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Wednesday, July 02, 2008

Ethiopia proposed NGO law may undermine human rights efforts
Mike Rosen-Molina at 10:04 AM ET

[JURIST] A proposed Ethiopian law regulating non-governmental organizations, which it terms Civil Society Organizations (CSO), would severely undermine human rights efforts in the country, according to two separate reports issued Tuesday by Amnesty International and Human Rights Watch (HRW) [PDF texts; joint press release]. The groups said that Ethiopia's Charities and Societies Proclamation [Mahder.com backgrounder] would bar foreign CSOs from engaging in human rights work and block Ethiopian CSOs from accepting foreign funding. The provision could result in the complete shutdown of all aid groups not expressly approved by the government. The law would also create a Charities and Societies Agency with broad authority to interfere in CSO internal workings and to ban any CSO that failed to meet government specifications. HRW's analysis of the law [PDF, text] stated:

The CSA and numerous government ministries would have enormous discretionary powers to refuse to accord legal recognition to CSOs, to disband CSOs that have already been legally recognized, to subject CSOs to intrusive patterns of surveillance, and to interfere in the management and staffing of CSOs up to the point of altering their organizational missions.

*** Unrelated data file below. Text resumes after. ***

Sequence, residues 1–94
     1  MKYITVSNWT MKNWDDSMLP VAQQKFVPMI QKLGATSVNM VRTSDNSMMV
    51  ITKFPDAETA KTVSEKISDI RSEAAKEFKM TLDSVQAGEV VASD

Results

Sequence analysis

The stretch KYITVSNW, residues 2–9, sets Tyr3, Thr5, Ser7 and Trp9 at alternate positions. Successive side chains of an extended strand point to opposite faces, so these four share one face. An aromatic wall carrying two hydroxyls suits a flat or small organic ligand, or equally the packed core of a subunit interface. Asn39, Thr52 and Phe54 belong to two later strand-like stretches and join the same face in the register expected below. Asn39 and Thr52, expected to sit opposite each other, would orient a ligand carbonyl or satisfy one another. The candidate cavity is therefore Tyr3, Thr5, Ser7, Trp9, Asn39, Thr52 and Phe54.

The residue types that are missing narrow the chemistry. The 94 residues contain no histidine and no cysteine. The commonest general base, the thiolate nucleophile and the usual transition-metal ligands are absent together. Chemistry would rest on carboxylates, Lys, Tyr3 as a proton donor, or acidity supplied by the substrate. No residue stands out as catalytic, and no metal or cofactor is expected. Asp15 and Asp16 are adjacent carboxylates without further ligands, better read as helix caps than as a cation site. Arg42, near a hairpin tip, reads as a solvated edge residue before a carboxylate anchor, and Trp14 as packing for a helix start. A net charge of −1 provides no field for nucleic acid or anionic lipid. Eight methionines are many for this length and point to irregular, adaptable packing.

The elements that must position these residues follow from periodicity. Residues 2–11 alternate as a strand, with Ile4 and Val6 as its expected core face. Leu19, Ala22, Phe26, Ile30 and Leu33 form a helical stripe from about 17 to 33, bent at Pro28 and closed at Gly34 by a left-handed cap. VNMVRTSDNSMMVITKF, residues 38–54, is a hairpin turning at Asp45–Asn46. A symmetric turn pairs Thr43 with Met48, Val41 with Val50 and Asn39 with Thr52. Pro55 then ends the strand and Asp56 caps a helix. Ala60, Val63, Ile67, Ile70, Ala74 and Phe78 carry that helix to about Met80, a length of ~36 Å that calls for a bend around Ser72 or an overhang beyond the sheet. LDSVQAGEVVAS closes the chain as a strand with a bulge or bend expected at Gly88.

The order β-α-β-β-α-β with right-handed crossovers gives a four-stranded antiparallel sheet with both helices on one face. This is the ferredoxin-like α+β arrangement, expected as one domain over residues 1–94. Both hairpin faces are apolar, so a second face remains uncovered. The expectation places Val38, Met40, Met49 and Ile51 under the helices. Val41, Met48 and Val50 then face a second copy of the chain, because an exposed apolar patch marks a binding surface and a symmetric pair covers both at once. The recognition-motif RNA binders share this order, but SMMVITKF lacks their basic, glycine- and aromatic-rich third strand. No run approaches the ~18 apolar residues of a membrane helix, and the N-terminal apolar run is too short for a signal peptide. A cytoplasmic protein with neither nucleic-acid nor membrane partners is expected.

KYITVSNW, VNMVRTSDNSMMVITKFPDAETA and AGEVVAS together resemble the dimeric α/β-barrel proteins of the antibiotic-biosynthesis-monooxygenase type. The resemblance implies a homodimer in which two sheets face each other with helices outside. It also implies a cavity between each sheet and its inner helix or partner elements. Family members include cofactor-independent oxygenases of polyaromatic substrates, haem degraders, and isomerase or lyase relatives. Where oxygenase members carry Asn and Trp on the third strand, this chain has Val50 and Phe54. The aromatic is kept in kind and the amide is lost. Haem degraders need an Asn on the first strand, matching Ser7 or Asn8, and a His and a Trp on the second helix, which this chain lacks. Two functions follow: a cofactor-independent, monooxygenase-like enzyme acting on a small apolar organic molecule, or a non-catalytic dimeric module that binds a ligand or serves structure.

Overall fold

Amnesty and HRW alleged that the proposition violated both international law and freedoms enshrined in Ethiopia's own constitution. AfrolNews has more.

Last month, HRW reported [PDF text; JURIST report] on human rights violations committed by both the Ethiopian military and the ethnic Somali group the Ogaden National Liberation Front [group website] in the eastern Ogaden region. In October 2007, the US House of Representatives passed the Ethiopia Democracy and Accountability Act of 2007 (HR 2003) [text; JURIST commentary], aimed in part at encouraging the human rights situation in Ethiopia. The bill is currently before the US Senate Committee on Foreign Relations. In July 2007, HRW accused Ethiopian troops of violating international humanitarian law [JURIST report] by burning homes and forcibly relocating civilians in Ogaden. In March 2007, HRW also accused Ethiopia of complicity with the US and Kenya in secretly detaining Somalis [JURIST report] accused of being Islamic militants. Ethiopia had admitted [JURIST report] in April 2007 that it detained terror suspects but denied that the detentions were secret.





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